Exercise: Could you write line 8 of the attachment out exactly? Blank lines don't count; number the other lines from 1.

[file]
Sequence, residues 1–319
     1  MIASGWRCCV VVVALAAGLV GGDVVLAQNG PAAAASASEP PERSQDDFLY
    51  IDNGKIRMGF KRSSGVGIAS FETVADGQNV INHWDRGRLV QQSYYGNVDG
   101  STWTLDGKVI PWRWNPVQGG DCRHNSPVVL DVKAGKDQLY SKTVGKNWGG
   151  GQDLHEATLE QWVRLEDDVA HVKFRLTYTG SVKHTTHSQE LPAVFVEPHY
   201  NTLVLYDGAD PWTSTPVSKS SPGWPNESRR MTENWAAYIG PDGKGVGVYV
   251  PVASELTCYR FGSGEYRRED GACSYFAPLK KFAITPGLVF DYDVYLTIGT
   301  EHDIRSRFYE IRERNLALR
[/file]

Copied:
   301  EHDIRSRFYE IRERNLALR